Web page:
There are three possible outcomes to Committee review: a period of academic warning, major subject warning or a period of withdrawal from the College. The student is informed of the outcome of review in writing. It is the Customs of the College to also inform parent(s)/guardian(s) of these results.
Both academic warning and major subject warning are designed to help students access resources and make progress towards completing their degrees. They are also designed to support students as they address the sources of their academic difficulties. The committee members understand that many factors—personal, financial, health, family and others—can contribute to these difficulties.
Academic Warning is limited to one semester during which students are expected to meet regularly with their dean and other appropriate resources, such as their instructors, the Academic Support and Learning Resources Specialist, counselors, etc. Students may clear academic warning and return to good standing by earning grades of 2.0 or above in all courses.
Major Subject Warning is also limited to one semester and is put in place when a student has not met the Major Subject of Work. It is put in place both when a Department allows a student to continue in the current major despite the low grade and when a student is required to declare a new major. Students may clear Major Subject Warning and return to good standing by earning grades of 2.0 or above in all courses in their major subject. In addition to regular meetings with their dean, students on Major Subject Warning will also have regular meetings with their Major Adviser or another faculty member in their major department.
A Period of Withdrawal from the College as a result of initial Committee review is imposed when students’ performance during the semester raises extremely serious concerns about their ability to move forward at the College. When the Committee requires withdrawal, they will also set conditions for a student’s time away. Meeting those conditions will be an important part of a student’s re-enrollment application to return to the college.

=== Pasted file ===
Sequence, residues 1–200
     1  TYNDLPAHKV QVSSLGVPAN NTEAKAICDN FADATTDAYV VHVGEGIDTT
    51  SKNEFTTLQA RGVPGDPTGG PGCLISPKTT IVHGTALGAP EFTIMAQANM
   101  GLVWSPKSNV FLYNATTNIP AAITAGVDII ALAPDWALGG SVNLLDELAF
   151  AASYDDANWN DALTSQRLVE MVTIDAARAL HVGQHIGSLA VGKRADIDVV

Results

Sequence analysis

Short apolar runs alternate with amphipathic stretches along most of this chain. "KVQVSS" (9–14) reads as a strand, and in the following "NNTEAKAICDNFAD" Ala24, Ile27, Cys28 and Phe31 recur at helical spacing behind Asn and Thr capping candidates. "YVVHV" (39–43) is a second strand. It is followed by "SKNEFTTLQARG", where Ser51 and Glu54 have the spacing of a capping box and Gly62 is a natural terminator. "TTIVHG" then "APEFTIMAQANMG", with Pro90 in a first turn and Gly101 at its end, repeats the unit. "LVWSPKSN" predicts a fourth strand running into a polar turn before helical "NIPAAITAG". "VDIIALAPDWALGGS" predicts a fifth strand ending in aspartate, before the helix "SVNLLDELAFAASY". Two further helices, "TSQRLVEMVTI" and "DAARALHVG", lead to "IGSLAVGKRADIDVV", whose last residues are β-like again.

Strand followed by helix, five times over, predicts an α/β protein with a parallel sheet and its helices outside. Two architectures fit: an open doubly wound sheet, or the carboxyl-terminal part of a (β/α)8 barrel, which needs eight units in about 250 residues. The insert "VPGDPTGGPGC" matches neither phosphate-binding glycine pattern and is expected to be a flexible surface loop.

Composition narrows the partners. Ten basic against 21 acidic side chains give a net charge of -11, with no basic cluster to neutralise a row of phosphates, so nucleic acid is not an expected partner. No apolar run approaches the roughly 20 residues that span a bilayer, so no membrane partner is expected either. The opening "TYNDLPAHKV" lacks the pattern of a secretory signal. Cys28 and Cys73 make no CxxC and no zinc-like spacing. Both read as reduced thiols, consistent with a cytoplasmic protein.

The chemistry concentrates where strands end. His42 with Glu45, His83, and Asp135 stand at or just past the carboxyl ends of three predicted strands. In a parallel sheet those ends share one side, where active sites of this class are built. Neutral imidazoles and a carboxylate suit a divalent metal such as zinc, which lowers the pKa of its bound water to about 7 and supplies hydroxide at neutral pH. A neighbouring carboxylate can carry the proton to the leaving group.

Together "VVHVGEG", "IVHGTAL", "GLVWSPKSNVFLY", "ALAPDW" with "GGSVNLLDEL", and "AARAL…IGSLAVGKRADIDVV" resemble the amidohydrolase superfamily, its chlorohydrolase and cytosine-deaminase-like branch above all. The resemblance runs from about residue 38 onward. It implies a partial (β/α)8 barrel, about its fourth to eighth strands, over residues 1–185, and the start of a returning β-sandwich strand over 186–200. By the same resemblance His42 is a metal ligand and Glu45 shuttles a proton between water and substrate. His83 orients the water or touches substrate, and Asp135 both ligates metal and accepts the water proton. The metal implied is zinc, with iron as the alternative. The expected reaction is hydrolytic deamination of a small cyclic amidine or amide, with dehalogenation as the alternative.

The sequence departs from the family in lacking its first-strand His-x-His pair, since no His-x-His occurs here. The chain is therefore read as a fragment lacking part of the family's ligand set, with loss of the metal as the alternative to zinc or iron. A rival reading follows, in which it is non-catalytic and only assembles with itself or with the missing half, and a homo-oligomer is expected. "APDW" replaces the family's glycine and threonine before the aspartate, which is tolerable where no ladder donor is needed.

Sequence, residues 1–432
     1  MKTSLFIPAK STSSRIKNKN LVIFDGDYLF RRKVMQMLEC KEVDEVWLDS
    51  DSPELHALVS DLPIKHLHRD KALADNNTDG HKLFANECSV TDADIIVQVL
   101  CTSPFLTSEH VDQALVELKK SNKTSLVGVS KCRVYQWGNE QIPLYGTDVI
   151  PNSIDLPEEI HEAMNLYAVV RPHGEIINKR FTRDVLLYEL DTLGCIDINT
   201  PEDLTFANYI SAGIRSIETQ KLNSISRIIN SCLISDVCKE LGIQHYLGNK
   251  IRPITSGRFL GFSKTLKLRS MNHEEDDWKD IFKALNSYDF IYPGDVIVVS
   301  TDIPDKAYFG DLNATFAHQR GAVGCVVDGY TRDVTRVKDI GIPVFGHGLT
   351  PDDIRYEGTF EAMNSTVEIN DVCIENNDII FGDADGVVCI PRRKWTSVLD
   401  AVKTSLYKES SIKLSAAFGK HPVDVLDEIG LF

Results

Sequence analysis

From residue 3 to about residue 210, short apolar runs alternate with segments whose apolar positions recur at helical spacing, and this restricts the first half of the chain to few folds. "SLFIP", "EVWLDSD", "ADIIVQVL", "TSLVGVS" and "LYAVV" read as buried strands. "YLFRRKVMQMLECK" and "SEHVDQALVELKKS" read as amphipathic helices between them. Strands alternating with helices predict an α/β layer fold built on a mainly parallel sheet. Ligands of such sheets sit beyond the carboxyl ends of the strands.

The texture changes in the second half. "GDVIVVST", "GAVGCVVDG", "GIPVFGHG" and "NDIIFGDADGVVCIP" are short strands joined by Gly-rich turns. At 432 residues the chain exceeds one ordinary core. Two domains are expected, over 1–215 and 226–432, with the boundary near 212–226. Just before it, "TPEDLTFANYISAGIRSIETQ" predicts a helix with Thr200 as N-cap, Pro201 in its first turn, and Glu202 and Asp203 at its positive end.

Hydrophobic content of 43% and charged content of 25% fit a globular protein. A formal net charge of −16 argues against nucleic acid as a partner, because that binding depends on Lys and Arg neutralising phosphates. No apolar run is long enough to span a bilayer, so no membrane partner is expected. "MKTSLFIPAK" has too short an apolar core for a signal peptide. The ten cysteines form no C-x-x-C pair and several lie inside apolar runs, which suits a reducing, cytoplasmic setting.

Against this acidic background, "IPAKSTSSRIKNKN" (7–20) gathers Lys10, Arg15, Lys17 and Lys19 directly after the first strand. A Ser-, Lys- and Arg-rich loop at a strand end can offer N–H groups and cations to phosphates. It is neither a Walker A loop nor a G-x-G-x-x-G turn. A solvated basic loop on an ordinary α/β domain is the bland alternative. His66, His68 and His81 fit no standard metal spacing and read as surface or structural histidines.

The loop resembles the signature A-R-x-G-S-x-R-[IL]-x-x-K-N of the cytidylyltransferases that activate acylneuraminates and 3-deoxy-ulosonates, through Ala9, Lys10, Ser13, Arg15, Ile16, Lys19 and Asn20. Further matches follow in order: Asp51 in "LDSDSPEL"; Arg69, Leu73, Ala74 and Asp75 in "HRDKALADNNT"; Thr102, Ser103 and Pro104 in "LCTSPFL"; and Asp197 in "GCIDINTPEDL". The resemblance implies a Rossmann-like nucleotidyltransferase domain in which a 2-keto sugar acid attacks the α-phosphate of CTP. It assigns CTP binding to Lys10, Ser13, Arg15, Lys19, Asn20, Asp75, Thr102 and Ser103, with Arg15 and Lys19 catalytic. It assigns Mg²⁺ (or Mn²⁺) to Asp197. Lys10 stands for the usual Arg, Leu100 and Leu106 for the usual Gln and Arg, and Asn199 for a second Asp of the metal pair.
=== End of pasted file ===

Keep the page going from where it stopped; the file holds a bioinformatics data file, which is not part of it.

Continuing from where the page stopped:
The committee reviews the records of all such students. Students who meet the standards set are returned to good standing. They are informed of this in writing and urged to continue to make use of resources that have been helpful to them.
Probation and required withdrawals:
Students who do not meet the standards set may either be placed on probation or are required to withdraw. The College’s policy dictates that withdrawal is automatic unless a student submits a written statement for the committee’s review. If the Committee grants the exception, a student will be placed on Probation for one semester. A semester of Probation gives students another chance to meet the standards of the College. The Committee reviews all appeals looking for a realistic and self-reflective plan for improved performance. When the Committee requires withdrawal, they will also set conditions for a student’s time away. Meeting those conditions will be an important part of a student’s reenrollment application to return to the college.
Important note regarding Permanent Exclusion
Although very rare, permanent exclusion (without the possibility of return to Bryn Mawr College) is established by the Faculty as the automatic result of Committee review in the following very specific situations:
- Students at the end of junior year who have grades below 2.0 in more than half of their courses.
- Students at the end of junior year who are required to change their major and have no alternative major.
Much of the work of the Committee is to minimize the number of students at risk of permanent exclusion.
For students involved in CAS review, a range of emotions are common: regret, considerable nervousness, and hopefully a lot of determination and a renewed sense of commitment. One of the most important things for students to realize is that the College as a whole remains committed to the success of all of our students. The period of probation is an opportunity to better understand yourself and the resources available to you. Deans, faculty, and other resources look forward to learning more about each student’sstrengths and challenges and working closely with them during this crucial time.